Looking at the etymology of the word "appropriate," it appears to apply to the notion of taking private property and making it one's own. In this sense, the idea of literally stealing someone else's hair style, for example, and wearing it as their own is absurd. Maybe I like the look of dreadlocks and decide that particular tonsorial style is just the thing for me. In this case, it would be more accurate and honest to say that I **adopted** someone else's hair style. It was not an appropriation in that no one's personal property was diminished in this transaction.
But his is too nuanced for woke culture. Absurd passes as rationality. If a culturally appropriate dreadlockian were to self-righteously confront me for my "cultural appropriation" of dreadlocks and I were to claim offense at their complaining to me in English...well, I don't know what two absurds make, but it can't be good. At the very least, it clogs and clouds thinking and prevents moving toward something positive and beneficial for all mankind. My read of history and current events is that the way through "these dark days of re-racialization" involves a significant implosion. Something that perhaps Plato's remnants may only survive.
In the wider view, humans cannot not learn from, mimic, or otherwise adopt ideas and behaviors from other humans. It's what got us here.
Also, the idea of me sporting dreadlocks is absurd.
I absolutely loved this, Michael. So well said! I recently wrote something on the same topic in case you'd like to check it out. https://criticalsoundbites.substack.com/p/the-moral-panic-of-cultural-appropriation
All cultures appropriate. When you have the crucible of immigration, and exchange between people, new cultures are formed which have the echoes of former cultures. Thank goodness as I live in Northumberland, the British have expanded their cuisine (starting with the Romans bringing in garlic and rabbits) as it was fairly dire before. Hairstyles -- how far do you want to go back? I am currently reading The First Kingdom by Max Adams which deals with the early Dark Ages in Britain -- recently research on tooth enamel isotopes is showing there was far less immigration from the Angles, Saxons, Frisians than commonly supposed and quite a lot of elites deciding to follow fashion.
When you talk about equity which is equality of outcome, you can't speak about basic freedoms such as the freedom to choose. In a free society, people have to be allowed to refuse opportunity for their own private reasons. And if you don't take an opportunity and someone else does, can you truly complain about an unequal outcome? Social Exchange Theory is actually incredibly interesting.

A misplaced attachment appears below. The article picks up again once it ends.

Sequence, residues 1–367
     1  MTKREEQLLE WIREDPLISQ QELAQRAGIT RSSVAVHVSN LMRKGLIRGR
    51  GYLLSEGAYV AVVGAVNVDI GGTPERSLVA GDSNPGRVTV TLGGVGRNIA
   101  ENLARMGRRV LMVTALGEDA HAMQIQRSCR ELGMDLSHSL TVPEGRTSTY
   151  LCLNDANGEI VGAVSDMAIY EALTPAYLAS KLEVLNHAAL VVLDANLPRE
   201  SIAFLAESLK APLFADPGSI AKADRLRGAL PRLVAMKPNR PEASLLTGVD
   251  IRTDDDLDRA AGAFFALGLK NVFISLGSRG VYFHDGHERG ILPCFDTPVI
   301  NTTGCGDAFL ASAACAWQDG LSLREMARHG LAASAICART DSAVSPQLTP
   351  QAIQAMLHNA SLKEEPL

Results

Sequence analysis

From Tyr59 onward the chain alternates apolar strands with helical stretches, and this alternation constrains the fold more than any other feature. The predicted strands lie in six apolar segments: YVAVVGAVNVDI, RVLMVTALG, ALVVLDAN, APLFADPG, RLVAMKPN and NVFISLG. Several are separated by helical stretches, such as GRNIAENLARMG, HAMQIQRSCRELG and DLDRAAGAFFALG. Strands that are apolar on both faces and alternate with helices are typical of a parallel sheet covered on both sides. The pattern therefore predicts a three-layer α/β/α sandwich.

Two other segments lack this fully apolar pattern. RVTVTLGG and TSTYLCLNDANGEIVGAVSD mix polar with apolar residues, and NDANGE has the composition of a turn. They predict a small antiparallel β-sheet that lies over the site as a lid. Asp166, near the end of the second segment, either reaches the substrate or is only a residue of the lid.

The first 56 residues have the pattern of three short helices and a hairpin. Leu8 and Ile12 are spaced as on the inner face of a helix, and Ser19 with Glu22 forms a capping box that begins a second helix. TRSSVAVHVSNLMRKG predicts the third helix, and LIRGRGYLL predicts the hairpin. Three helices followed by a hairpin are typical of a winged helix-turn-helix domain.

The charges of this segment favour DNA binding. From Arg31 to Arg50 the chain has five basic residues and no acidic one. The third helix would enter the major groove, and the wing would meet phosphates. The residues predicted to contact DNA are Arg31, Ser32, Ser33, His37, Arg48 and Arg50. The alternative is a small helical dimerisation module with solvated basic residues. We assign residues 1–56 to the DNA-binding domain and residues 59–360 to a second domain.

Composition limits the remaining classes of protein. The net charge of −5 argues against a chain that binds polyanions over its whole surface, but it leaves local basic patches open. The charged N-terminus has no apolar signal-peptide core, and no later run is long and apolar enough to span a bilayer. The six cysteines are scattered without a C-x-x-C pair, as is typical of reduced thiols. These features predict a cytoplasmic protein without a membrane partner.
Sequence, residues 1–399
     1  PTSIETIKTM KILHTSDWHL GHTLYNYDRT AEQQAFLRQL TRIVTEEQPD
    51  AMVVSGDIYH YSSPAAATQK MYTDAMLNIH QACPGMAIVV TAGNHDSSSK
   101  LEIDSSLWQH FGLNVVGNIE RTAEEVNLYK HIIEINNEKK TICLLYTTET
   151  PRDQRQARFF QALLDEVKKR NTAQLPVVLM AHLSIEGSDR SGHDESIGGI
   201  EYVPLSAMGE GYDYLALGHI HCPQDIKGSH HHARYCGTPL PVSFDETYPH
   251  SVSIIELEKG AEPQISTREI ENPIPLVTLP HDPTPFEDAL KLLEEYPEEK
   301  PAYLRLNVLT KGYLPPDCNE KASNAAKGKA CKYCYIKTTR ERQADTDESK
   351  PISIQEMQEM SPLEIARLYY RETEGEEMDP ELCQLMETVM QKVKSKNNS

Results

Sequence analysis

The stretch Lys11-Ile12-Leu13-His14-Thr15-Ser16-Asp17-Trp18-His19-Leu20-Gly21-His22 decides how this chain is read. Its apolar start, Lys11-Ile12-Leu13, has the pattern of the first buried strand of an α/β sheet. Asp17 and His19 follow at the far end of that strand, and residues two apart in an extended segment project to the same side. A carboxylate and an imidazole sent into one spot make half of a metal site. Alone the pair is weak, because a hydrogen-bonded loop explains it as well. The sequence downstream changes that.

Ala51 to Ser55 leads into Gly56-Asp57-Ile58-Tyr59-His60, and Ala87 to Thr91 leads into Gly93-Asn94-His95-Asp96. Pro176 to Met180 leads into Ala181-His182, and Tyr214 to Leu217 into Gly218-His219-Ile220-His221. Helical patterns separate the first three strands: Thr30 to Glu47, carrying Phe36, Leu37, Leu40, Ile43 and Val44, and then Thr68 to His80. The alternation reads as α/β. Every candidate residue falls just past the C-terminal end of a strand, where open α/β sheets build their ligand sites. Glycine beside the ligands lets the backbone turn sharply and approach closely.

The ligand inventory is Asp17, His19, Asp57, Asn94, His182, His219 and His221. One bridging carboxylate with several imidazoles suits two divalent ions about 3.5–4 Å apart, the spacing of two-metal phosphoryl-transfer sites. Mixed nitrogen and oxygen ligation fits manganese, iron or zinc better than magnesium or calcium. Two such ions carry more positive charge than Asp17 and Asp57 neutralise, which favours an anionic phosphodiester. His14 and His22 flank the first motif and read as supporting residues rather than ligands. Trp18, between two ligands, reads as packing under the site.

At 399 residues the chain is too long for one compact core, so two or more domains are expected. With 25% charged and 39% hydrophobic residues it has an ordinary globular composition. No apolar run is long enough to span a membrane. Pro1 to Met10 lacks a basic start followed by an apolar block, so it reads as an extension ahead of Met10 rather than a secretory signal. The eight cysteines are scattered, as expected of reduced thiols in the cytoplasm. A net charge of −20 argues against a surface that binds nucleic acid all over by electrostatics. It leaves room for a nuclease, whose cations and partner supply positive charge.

It is more the sheer waste of human capital through substandard schooling which is the problem. The West, and in particular America has been very profligate with its home grown human capital, because it has been easier to import minds trained to do specific tasks.
An interesting take on "cultural appropriation". And correct. Except, I don't like the "359 other compass points" philosophy when it comes to being blocked. If the blockage is legitimate (no, you cannot pull the revolver out of the glove compartment and shoot out the tires of the person who just cut you off), well, then maybe I just have to suck it up and think of what the guy represented by the plastic Jesus on my dashboard would have me do.
But, in other cases, no, I'm going to stay on heading 360 (or 720, or 0, as you will), and the naysayer better just get out of the way. That's the only way to deal with bullies -- the people who would be the arbiters of what people can and cannot do in society. I remember the days when I used to veer as a result of being blocked by others; I've learned that such veering produces eternal regret.
You don't hit me as a person who veers from course either, once you've considered the right direction to go. You might make course corrections based on new knowledge, but that's not the same as someone blocking you from going in a given direction -- that's you blocking yourself from doing wrong.
The "cultural appropriation" claim is as old as progressivism; I encountered it first in 1970 when I tried to join the Teacher Corps. That's a story I've told here before, so I won't repeat it, but the one thing I haven't said is how much I regret not pushing back hard against the Dean of Education when he told me that my culture precluded my participation.